Student Success Act

Student Success Act

Governor Kate Brown signed House Bill 3427, the Student Success Act, into law on May 20, 2019. This law aims to correct three decades of underinvestment in our schools and our children and includes sweeping provisions for new and improved services for children and families.

It carries significant investments in early learning, existing programs and new efforts to bring Oregon within reach of funding schools at the Quality Education Model level for the first time since the inception of the Quality Education Commission in 2001. This could include adding instructional time, providing mental and behavioral health supports, reducing class size, implementing a more well-rounded education, fully funding High School Success (Measure 98), school safety improvements and more.

Read more about the journey to pass the Student Success Act in our Spring 2019 issue of Today's OEA magazine.

The Student Success Act marks a turning point for education in Oregon. When fully implemented, our state will see an additional $1 billion investment in schools each year.

Rooted in equity, authentic community engagement, and shared accountability for student success

The law requires school districts to build on the strengths and assets of young people, educators, families across the state, including members of the nine federally recognized tribes; students of color; students with disabilities; emerging bilingual students; and students navigating poverty, homelessness, and foster care.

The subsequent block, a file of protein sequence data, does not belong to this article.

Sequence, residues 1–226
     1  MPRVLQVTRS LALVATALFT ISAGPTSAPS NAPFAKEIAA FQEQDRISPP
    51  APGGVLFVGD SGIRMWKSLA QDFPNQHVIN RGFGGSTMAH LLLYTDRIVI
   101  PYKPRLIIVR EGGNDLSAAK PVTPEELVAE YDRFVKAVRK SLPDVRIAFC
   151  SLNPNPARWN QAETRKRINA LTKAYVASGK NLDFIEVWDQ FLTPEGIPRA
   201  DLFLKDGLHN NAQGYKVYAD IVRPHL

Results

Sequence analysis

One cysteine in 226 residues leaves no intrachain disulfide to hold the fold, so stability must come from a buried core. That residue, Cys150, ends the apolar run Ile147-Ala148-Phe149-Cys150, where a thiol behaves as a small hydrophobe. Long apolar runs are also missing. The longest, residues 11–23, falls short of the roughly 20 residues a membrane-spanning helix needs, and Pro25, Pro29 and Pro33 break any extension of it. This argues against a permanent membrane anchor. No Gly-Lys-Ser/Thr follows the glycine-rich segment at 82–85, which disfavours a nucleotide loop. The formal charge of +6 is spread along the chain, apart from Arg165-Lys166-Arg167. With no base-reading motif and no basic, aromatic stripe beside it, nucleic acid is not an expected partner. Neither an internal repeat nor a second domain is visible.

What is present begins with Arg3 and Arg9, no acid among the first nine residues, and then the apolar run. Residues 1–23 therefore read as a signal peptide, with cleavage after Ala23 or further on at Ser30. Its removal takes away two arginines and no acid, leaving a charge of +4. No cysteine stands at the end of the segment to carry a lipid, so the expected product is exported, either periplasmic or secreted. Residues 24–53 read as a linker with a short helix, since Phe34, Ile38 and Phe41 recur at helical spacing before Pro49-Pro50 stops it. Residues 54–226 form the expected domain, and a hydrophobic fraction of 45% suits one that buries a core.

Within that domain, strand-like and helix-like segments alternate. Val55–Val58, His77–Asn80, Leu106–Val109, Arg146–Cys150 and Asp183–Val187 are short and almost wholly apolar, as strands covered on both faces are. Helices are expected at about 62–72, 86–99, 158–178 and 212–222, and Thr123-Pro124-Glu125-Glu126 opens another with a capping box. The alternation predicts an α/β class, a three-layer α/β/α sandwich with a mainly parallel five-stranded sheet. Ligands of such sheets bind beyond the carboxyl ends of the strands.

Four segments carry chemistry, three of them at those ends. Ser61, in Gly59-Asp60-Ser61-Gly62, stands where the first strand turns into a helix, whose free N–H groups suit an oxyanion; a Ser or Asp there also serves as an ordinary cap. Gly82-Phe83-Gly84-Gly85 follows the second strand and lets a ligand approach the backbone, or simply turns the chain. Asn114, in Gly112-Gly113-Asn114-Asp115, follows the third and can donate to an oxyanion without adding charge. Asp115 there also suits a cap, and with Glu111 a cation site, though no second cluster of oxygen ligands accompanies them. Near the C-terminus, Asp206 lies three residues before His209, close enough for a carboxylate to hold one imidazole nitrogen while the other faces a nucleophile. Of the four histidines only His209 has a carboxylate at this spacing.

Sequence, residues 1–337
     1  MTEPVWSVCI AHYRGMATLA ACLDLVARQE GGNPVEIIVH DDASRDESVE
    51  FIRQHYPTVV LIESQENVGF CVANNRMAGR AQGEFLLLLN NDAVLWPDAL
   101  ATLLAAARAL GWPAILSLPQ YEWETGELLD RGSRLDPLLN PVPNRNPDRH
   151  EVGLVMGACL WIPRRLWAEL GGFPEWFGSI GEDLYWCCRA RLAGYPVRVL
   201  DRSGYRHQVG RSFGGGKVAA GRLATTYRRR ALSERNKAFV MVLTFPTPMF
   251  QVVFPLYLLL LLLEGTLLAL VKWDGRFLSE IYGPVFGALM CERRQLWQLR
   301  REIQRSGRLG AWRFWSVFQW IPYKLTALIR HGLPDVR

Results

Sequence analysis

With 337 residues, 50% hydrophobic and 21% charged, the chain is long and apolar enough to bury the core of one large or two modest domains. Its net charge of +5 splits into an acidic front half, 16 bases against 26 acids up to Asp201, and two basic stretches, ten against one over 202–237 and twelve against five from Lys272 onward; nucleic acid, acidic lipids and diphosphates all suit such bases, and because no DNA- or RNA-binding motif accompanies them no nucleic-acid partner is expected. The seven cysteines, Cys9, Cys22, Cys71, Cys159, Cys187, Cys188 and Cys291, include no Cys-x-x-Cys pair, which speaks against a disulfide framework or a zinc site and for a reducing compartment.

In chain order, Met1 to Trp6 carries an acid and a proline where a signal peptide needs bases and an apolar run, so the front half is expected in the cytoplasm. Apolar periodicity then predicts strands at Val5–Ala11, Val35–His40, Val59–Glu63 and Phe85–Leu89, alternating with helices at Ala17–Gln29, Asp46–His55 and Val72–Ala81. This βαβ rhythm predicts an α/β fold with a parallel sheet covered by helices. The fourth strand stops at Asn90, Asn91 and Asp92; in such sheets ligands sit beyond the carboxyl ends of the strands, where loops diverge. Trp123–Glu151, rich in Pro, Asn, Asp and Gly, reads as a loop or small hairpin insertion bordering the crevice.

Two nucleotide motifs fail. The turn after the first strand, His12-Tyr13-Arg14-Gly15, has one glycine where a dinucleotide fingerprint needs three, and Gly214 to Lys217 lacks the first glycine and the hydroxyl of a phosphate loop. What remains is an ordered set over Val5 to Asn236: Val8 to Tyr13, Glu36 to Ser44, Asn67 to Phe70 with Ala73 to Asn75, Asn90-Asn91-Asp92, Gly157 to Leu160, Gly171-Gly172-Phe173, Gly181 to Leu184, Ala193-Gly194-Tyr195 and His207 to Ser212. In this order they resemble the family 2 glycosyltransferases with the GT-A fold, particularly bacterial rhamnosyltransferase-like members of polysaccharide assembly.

5 Ways for Educators to Engage

Student Success Act

What is the Student Investment Account?

Close to $500 million in non-competitive grant money for all Oregon school districts and eligible charter schools.

New money has two purposes:

  • Meet students’ mental and behavioral
    health needs.
  • Increase academic achievement and reduce academic disparities for:
    1. Students of color;
    2. Students with disabilities;
    3. Emerging bilingual students; and
    4. Students navigating poverty,
    5. homelessness, and foster care; and other students that have historically experienced disparities in our schools.

The Student Success Act requires input from all education stakeholders, including:

  • ALL school employees
  • Students, particularly those who have experienced academic disparities
  • Families of our students

We can finally invest in an education system that will ensure every single student in our state is on a path to realizing their dreams for the future. What we have come together to do over the past few months will be felt by students, teachers and schools for years to come."

Governor Kate Brown — July 1, 2019

Find all the community engagement tools your school district will need on ODE's online Student Success Act toolkit page. OEA gives credit to ODE for the content published on this page.